Jonathan Swift 1667–1745

  • Ian McGowan
Part of the St. Martin’s Anthologies of English Literature book series (AEL)


Swift, a cousin of Dryden, was born in Dublin, and educated beside Congreve at Kilkenny School and Trinity College, Dublin. A period as secretary to the statesman-author Sir William Temple having failed to win him advancement, he was ordained in Ireland (1694). Back in Temple’s household at Moor Park, he wrote The Battle of the Books (1697), part of the debate on the superiority of ancient or modern learning, and A Tale of a Tub (1696; both works published 1704), a combination of religious allegory and intellectual virtuosity. Here too he first met ‘Stella’, Esther Johnson, recipient of many of his writings, with whom his relationship remains unclear. After Temple’s death, he returned to Ireland, receiving church offices, but visiting London often, and writing pamphlets of varying irony (An Argument against Abolishing Christianity, 1708). The Whigs’ favouring dissenters led to his support of the Tories, on whose side he wrote political works (The Conduct of the Allies, 1711; The Public Spirit of the Whigs, 1714). He was a leading member of the Scriblerus Club with Pope (see p. 205).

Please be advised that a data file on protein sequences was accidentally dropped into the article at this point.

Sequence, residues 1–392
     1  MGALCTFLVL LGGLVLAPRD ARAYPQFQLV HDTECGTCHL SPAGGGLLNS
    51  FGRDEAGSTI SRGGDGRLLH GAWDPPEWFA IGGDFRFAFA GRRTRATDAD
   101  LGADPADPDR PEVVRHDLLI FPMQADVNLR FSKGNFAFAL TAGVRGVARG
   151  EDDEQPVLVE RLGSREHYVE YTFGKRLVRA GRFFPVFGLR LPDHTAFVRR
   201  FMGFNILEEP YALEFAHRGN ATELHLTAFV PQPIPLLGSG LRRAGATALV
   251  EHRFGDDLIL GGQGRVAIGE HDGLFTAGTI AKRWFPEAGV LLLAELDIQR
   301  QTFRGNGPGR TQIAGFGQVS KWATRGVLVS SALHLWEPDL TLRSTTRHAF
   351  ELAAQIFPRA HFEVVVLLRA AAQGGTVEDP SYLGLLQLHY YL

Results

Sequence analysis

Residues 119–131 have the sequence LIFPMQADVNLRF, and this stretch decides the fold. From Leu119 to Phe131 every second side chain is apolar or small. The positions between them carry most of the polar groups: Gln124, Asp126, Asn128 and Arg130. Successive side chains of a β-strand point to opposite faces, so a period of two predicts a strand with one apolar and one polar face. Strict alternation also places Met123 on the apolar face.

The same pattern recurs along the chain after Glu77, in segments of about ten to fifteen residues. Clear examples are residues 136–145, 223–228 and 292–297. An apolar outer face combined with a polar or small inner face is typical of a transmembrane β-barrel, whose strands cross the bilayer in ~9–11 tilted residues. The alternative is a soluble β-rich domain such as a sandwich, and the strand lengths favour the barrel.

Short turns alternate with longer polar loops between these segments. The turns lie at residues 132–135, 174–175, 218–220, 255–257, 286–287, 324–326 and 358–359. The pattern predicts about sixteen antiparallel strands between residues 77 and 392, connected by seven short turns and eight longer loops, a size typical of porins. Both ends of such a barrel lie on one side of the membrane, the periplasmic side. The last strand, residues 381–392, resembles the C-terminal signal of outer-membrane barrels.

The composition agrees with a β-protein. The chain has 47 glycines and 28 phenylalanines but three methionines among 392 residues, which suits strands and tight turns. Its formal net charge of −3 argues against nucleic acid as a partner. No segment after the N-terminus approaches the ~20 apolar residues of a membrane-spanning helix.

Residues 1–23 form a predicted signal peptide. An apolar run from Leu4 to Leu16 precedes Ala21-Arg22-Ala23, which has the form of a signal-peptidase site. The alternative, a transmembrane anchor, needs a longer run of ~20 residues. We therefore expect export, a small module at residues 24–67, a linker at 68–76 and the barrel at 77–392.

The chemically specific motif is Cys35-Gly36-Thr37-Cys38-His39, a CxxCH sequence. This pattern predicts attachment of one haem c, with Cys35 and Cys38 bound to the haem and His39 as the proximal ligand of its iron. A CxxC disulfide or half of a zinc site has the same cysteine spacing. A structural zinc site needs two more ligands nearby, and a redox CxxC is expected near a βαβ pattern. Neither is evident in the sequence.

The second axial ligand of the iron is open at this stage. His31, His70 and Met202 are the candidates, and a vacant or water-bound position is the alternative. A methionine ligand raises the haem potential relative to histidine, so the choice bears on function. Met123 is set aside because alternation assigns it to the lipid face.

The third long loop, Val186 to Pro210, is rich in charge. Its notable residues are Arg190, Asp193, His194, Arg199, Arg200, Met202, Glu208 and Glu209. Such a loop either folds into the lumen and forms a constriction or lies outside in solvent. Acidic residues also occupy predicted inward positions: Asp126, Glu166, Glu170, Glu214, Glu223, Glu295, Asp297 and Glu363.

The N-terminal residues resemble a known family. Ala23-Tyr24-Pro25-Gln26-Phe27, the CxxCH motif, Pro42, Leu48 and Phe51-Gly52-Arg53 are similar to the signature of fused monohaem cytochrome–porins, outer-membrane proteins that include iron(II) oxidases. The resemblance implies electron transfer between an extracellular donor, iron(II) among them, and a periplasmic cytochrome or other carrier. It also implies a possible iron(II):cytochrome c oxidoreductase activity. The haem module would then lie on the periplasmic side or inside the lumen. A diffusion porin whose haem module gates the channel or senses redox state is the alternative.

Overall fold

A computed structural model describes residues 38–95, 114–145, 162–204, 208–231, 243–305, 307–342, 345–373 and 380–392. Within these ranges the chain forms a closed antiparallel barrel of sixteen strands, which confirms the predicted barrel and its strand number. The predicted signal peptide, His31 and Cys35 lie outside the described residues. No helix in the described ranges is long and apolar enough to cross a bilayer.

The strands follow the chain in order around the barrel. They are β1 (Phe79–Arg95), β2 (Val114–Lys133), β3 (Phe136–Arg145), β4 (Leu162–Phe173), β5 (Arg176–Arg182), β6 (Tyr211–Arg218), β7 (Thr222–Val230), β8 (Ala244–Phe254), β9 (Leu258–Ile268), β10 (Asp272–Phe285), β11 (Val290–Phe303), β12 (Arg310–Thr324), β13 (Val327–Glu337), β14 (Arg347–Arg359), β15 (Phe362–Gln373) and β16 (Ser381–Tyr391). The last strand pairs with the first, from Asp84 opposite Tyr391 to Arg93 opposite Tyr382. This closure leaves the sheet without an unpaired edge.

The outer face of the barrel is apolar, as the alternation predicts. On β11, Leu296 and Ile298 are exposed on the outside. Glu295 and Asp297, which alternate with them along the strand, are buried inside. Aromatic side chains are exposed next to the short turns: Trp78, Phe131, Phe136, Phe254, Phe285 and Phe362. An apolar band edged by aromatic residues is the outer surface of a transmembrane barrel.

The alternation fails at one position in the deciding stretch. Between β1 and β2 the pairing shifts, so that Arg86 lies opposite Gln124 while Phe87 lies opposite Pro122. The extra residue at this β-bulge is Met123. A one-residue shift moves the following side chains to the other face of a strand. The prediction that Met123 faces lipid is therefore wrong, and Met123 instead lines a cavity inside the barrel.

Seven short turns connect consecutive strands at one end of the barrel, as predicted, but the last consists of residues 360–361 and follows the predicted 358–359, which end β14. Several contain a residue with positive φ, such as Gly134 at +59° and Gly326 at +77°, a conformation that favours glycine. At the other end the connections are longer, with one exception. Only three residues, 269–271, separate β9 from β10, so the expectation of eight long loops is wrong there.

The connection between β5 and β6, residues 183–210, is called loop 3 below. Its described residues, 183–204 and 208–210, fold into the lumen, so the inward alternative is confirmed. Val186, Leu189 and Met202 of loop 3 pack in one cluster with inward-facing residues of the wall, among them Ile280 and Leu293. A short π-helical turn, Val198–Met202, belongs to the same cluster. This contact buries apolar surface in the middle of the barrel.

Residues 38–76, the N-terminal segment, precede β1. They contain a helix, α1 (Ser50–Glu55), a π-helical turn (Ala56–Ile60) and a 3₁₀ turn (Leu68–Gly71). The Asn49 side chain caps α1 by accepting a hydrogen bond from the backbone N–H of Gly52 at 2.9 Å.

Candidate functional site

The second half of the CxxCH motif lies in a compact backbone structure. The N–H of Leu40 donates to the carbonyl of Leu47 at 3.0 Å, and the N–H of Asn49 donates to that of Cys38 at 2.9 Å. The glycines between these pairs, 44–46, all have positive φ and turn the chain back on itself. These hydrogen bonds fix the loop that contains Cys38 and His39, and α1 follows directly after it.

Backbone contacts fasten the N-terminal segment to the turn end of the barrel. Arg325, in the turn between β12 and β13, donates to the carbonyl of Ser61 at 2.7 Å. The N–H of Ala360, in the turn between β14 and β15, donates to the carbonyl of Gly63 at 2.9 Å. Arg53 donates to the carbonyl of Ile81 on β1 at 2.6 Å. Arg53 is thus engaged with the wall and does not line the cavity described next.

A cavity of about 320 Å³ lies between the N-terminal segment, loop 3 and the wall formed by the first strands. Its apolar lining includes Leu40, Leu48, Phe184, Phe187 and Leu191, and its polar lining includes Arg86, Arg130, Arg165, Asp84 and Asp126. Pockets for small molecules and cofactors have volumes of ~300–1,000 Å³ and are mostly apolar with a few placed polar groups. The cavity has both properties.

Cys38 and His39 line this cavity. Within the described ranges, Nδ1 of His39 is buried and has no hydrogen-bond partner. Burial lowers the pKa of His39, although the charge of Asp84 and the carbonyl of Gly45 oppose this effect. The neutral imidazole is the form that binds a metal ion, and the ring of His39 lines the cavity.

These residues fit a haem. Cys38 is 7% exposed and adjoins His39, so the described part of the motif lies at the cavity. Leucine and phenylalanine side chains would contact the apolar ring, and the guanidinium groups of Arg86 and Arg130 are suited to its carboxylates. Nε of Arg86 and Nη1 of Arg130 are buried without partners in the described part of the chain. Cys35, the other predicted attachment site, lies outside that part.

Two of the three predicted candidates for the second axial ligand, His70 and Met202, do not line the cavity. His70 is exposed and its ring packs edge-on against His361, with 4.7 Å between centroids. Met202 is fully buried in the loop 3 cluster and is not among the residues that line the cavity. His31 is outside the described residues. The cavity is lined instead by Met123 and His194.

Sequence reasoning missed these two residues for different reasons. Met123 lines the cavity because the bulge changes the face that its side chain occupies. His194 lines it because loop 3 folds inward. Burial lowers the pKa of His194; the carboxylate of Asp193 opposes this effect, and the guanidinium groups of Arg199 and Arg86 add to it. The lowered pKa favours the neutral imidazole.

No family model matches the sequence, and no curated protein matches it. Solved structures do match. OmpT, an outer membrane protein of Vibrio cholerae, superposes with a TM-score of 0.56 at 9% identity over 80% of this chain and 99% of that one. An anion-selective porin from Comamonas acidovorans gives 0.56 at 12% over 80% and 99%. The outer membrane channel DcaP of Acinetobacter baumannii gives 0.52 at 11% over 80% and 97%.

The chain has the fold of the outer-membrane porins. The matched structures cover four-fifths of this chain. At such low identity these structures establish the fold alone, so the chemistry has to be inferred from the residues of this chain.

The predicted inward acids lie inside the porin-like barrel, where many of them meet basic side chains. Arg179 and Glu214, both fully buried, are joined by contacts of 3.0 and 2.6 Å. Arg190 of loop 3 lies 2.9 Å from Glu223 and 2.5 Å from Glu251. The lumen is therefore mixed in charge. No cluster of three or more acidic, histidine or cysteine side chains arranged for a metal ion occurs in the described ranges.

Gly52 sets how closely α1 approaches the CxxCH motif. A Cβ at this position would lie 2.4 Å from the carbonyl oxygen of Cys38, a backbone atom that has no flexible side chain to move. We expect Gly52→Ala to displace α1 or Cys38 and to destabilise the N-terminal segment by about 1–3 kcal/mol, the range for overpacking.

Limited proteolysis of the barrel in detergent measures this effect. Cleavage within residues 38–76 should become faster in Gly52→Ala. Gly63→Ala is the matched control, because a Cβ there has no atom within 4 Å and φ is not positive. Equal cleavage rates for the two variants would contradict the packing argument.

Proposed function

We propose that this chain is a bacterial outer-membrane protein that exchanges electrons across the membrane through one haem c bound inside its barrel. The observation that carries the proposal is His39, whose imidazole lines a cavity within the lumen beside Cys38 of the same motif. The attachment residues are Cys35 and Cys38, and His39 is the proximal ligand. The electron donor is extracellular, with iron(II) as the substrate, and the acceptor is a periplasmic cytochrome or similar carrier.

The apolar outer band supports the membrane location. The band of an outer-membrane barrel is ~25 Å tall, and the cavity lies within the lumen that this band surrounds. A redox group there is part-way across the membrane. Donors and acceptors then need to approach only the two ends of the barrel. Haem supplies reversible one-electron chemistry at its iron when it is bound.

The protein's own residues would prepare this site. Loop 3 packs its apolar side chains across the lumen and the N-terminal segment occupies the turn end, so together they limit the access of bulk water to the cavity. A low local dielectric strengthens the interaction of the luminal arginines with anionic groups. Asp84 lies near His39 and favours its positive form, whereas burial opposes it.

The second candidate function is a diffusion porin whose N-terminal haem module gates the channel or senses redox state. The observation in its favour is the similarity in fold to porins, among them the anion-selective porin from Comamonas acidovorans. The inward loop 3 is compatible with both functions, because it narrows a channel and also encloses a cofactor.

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© Palgrave Macmillan, a division of Nature America Inc. 1989

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  • Ian McGowan

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